"The Good Lord is subtle, but he is not malicious," runs one of Einstein's oft-cited apothegms
. Einstein's attitude toward religion is likewise subtle.
to biological functions, have been hoary apothegms
Blake then proceeded to undermine its authority in a series of aphorisms and apothegms
of his own making, beginning with the title.
It abounds in apothegms
and compressed thoughts that cleave to the memory.
(124) Eyre Crowe ruefully noted Wilhelm's proclivity towards "Imperial apothegms
," and Grey's private secretary, William Tyrrell, spoke for many in the diplomatic service when he summed up the Kaiser as "a man of words -- a truly modern Emperor: in fact the Winston of Germany." (125)
147) and such apothegms
as "Who writes well writes what he will; who writes ill writes what he must" (p.
Armand Singer notes that Azorin expands the treatment of Tomas's early life and also his final phase in Flanders, and "the apothegms
that made up over half of the earlier book are simply omitted" ("Literary Progeny" 63-64, and 68, 70).
The collections of short stories, maxims, and apothegms
here presented do not read as written documents but as spoken exchanges abounding in dynamism and conversational energy.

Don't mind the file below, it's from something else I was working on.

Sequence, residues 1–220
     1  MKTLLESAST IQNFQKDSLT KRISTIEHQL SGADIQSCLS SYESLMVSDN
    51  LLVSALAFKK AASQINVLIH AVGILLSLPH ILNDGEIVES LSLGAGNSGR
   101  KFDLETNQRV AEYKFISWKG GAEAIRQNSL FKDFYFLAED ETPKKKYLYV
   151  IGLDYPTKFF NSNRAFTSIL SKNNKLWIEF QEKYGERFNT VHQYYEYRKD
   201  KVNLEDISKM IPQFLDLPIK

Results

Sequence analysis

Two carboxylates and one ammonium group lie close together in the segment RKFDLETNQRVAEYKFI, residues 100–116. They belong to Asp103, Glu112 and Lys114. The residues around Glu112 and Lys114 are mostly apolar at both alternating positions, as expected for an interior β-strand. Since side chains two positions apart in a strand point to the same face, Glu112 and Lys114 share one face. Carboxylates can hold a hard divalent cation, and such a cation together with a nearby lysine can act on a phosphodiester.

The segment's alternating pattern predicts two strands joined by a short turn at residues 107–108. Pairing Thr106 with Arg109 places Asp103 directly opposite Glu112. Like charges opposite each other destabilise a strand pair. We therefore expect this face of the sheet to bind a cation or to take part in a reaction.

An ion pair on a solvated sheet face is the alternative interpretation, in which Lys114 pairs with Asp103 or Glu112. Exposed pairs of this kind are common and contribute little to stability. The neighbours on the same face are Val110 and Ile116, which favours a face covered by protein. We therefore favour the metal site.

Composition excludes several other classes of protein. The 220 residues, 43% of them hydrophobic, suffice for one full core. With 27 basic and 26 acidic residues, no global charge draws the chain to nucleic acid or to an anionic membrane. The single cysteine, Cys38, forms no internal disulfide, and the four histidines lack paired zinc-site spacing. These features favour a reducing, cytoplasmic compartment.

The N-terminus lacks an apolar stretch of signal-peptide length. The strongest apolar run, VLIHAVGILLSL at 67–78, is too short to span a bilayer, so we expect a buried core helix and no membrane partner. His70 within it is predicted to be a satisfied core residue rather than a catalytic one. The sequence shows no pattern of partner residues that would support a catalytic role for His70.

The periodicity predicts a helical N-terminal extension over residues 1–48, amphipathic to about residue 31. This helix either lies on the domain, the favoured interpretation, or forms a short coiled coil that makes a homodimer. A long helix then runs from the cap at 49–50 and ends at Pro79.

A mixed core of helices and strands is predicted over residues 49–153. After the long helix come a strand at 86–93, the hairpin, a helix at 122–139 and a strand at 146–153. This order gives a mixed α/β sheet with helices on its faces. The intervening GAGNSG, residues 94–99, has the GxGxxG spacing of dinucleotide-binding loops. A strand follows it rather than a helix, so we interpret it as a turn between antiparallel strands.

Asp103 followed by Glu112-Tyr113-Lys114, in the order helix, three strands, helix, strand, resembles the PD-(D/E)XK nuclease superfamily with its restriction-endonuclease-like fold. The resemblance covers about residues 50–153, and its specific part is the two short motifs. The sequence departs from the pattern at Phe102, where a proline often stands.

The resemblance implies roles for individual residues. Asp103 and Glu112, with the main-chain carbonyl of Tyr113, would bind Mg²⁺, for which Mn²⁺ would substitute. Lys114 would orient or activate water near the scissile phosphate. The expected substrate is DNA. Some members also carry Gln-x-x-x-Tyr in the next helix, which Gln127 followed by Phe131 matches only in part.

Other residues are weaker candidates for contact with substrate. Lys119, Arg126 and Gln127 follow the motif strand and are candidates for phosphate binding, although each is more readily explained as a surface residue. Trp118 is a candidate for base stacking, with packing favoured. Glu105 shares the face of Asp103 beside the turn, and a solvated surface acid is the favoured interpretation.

Some prosaic apothegms
, traditionally associated with one or another of the sages, include: "Measure is best" (Cleobulus), "Know thyself" (Chilo), and "Nothing too much" (Solon), appeared on the wall at Delphi; "Hesiod might as well have kept his breath to cool his pottage" (Periander); "Every one of you hath his particular plague, and my wife is mine; and he is very happy who hath this only" (Pittacus); "Power reveals the man" (Bias); "Poets tell m any lies" (Solon); "Until he is dead, do not yet call a man happy, but only lucky" (Solon).
The book is so full of brilliant insights and apothegms
that I used up almost an entire sheaf of Post-its while reading it and this brief review can do no more than whet your appetite for perhaps the most interesting book about software you'll ever read.
Perhaps I mean a lack of ambition or to willingly be knocked flat and accept the licking." These redoubtable apothegms
do not exist in drafts of this letter in the typescripts of Beer's book, and the letter is a demonstrable fabrication; it was written by Thomas Beer, not Stephen Crane.
The anecdote in question is to be found in Plutarch's Life of Alcibiades (one of his Parallel Lives of Greeks and Romans), Chapter 9, and it is repeated in slightly different words in an essay from the Moralia, 'Apothegms
of Kings and Commanders' (Mor.